_________________________________________________

    Name of Sender: __________________________________

    Address: _________________________________________

    City: ______________________________ State: _____ Zip: _________

    Telephone: _______________________________________

23. WHAT IF I DON'T GET THE MONEY AFTER SENDING THE LETTER?

The maker of the check has ten days from receipt of the letter to tender payment, in cash, of the amount of the check plus service charges. Failure of the maker of the check to pay the above sum will entitle you to proceed with an action for statutory damages.

18. WHO DO I SUE?

You should sue the maker of the check. This is generally the same person who gave you the check. However, in the case of a third-party check, it will be the person who actually wrote the check.

19. WHERE DO I SUE?

You must file your lawsuit in the county in which the Defendant resides, regardless of where the check was given to you.

20. WHAT DAMAGES CAN I RECOVER?

You may be able to collect the amount of the check, plus damages of up to three times the amount of the check, but in no case more than $500.00, plus court costs. This varies from state to state.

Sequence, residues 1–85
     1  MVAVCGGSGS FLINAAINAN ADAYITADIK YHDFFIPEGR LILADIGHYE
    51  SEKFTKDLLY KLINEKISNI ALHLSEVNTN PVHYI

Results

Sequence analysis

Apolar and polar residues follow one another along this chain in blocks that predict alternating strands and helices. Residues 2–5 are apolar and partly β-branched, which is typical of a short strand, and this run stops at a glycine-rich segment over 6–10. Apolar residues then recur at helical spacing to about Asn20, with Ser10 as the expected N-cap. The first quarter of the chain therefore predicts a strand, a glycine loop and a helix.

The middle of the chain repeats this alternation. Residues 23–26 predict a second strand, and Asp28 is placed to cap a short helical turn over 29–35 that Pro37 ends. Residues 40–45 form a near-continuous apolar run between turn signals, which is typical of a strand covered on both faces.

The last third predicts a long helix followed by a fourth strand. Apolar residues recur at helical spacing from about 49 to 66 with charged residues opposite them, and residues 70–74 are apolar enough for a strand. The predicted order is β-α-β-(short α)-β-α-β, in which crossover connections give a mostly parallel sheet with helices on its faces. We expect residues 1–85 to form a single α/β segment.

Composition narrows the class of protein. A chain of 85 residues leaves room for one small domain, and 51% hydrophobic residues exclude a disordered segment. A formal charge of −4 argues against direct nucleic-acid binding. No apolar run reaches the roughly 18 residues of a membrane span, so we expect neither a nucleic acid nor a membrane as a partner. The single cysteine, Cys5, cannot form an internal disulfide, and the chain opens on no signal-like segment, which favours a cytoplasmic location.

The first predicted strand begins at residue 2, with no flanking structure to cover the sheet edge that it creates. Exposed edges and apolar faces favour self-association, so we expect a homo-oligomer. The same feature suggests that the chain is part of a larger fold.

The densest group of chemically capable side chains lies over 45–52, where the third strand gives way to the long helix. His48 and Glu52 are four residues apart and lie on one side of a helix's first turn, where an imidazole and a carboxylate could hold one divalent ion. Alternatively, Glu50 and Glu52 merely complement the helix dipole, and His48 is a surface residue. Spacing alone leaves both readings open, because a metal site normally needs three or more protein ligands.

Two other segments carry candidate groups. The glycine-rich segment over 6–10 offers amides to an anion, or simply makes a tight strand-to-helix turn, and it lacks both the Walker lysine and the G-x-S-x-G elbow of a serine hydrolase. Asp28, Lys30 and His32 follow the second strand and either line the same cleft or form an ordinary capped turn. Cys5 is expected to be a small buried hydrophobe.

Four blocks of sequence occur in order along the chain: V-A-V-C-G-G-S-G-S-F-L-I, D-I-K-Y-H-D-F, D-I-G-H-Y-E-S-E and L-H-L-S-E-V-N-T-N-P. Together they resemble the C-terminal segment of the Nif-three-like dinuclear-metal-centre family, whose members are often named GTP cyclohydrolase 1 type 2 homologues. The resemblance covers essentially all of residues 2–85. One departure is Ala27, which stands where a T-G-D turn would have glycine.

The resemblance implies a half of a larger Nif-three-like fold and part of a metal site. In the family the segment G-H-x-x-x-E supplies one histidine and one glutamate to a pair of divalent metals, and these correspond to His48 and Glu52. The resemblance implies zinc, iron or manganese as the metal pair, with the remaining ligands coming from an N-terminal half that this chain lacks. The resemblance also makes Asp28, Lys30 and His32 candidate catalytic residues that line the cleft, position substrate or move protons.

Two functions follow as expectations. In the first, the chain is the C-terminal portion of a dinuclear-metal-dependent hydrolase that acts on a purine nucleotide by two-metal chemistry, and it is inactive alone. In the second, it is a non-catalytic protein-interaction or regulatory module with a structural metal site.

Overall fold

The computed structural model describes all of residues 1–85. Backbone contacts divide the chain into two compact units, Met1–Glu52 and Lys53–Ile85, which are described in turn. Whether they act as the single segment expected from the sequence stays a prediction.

WHAT DEFENSES MAY BE RAISED TO A CLAIM FOR STATUTORY DAMAGES?

The maker of the check may raise several possible defenses to an action for statutory damages. These include: (1) full satisfaction of the check plus service charge was made prior to the commencement of the action; (2) the bank erred in dishonoring the check; and (3) the acceptor of the check knew at the time of acceptance that there were insufficient funds on deposit for the check to be honored.

21. WILL STATUTORY DAMAGES ALWAYS BE AWARDED?

No, there are several factors that may be considered by the court in ruling on a claim for statutory damages. The court may waive all or part of the statutory double damages if it finds that the defendant's failure to satisfy the dishonored check was caused either by the defendant having received a dishonored check or economic hardship.

The defendant may also avoid statutory double damages after suit has been filed by paying to the plaintiff the amount of the check, service charges on the check, plus all court costs.

24. WHAT IF MY CASE DOES NOT FIT EITHER THE CRIMINAL OR CIVIL BAD CHECK DAMAGES CRITERIA?

You may still seek to collect the amount of the check, or the debt represented by the check, by suing the maker of the check for the amount of money owed to you. The fact that the elements of the criminal or civil statutes does not apply to your case does not negate the fact that the person who made the check owes you money.